> consistently when it was believed to be the prescribed procedure;
Pointing out the incompetence of courts is all well and good, but saying that 
it means they should give up is not.

>     and the absence of a public policy rationale for denying the same
> sort of encouragement to applied researchers (and their financial
> backers) in fields where the work is done at a computer keyboard as in
> those where it is done at a lab bench?
Nobody has "pointed this out", and you've misframed the debate with several 
false assumptions in this paragraph.  
* Standard economic theory considers monopolies bad as a public policy matter 
except when they are (a) natural monopolies, which patents never are, or (b) 
they can be proven to have benefits outweighing their costs.  Amazingly, 
nobody has ever collected any evidence that any patents have benefits 
outweighing their costs (except in the pharmaceutical industry, where there 
are some inconclusive results which might tilt that way).  The evidence that 
"software patents" inhibit innovation, drive up costs, and generally waste 
economic resources is quite complete.  Therefore there is a strong public 
policy rationale for denying them.  The burden of proof is on *you* to show 
that the incentive of patents is *necessary*, not on us to show that it is 
* Your argument imagines people "working at keyboards" who are "applied 
researchers" much like those working at "lab benches".  But what are they 
actually doing? Software "engineering" is not engineering, as anyone who 
compares the two carefully will realize.  Research in the fundamentals of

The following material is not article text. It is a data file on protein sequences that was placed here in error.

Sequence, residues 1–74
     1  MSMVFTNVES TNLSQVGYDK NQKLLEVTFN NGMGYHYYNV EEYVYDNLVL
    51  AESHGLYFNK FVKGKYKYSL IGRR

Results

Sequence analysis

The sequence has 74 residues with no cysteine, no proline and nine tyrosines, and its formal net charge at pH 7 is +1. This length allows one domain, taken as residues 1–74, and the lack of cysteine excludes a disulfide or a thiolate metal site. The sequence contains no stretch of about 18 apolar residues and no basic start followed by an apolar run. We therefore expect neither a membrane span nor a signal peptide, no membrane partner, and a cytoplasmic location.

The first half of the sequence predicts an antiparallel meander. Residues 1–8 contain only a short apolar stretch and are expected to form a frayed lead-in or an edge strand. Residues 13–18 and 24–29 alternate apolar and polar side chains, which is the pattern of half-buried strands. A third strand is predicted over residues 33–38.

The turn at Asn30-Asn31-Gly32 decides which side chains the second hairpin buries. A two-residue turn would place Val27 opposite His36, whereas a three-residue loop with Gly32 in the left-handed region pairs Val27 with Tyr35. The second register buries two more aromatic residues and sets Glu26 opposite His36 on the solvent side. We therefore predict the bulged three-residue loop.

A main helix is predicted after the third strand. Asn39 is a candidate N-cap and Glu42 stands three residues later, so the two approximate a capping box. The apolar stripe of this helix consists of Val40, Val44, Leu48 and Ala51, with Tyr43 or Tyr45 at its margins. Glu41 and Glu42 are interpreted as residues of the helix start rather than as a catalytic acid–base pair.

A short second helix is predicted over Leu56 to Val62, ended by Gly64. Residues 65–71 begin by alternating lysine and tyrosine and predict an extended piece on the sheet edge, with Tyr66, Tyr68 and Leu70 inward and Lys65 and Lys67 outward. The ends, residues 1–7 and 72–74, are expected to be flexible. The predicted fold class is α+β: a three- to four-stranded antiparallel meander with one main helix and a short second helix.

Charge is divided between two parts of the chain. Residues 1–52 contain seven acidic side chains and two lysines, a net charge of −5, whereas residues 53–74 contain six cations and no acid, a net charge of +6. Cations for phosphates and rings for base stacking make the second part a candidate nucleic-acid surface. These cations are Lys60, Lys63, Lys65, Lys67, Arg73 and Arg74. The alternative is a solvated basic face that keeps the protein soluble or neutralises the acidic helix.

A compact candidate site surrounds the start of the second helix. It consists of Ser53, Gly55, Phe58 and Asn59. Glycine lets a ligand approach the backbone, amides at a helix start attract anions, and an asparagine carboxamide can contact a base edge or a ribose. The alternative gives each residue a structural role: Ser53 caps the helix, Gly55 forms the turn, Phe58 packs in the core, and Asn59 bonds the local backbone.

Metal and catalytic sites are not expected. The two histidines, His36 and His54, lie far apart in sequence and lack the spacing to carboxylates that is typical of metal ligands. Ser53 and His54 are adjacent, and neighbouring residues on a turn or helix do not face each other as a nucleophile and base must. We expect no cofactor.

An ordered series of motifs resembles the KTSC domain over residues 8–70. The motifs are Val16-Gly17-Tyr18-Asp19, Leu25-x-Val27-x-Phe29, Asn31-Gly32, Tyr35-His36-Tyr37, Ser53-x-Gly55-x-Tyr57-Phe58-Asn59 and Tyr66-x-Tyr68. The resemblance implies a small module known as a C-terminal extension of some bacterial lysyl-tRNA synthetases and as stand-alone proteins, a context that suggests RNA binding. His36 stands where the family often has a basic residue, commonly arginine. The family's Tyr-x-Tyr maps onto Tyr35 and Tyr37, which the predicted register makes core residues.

engineering is research in the natural sciences, but practical engineering 
requires a lot of additional skills too.  "Research" in software *is* pure 
mathematics, and the additional skills in practical programming are avoiding 
bugs and writing clearly.
* This paragraph applies *just as well* for promoting the patentability of 
artwork!  If that's not pro-patent, what is?  Read the following:

"and the absence of a public policy rationale for denying the same
sort of encouragement to applied researchers (and their financial
backers) in fields where the work is done at an easel as in
those where it is done at a lab bench?"

These are, of course, applied researchers in aesthetic theory.  Their works, 
when combined with a method of displaying them to people, have well-defined 
mental effects on those people, which can be quite useful.  Clearly a 
patentable invention, now that no subject area is excluded, and "industrial 
application" means "anything useful".

If I had money to burn, I would go ahead and start patenting artwork, 
theorems, everything, because under the current low standards, as long as you 
use enough fancy language, you can patent *anything*, as long as someone else 
hasn't created it already.  (Well, or even if they *have*, but the failure of 
patent offices to look at prior are is a different problem.)

(Now, coming from a family of mathematicians, patentable mathematics is 
actually probably going to be quite good for me financially!  However, 
mathematical inventions weren't considered patentable for at least a hundred 
years, and people should understand that making them patentable is a serious 
break with precedent.)